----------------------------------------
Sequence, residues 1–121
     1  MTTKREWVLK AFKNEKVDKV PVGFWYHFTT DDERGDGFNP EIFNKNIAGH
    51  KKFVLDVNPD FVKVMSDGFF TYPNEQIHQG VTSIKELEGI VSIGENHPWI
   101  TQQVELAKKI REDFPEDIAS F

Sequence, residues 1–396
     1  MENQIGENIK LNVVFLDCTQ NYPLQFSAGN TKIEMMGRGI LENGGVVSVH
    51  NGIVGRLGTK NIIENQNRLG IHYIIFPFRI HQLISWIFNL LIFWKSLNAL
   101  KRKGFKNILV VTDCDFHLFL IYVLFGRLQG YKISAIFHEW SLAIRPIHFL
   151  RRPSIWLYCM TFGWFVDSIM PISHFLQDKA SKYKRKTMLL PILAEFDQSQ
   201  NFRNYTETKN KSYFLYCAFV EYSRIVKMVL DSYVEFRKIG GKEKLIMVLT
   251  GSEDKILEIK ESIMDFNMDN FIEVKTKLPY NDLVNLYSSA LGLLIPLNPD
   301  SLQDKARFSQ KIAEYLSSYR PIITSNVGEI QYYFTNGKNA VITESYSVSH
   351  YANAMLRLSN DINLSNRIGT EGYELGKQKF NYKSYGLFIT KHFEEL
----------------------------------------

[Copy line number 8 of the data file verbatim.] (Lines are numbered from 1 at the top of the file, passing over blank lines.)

   101  KRKGFKNILV VTDCDFHLFL IYVLFGRLQG YKISAIFHEW SLAIRPIHFL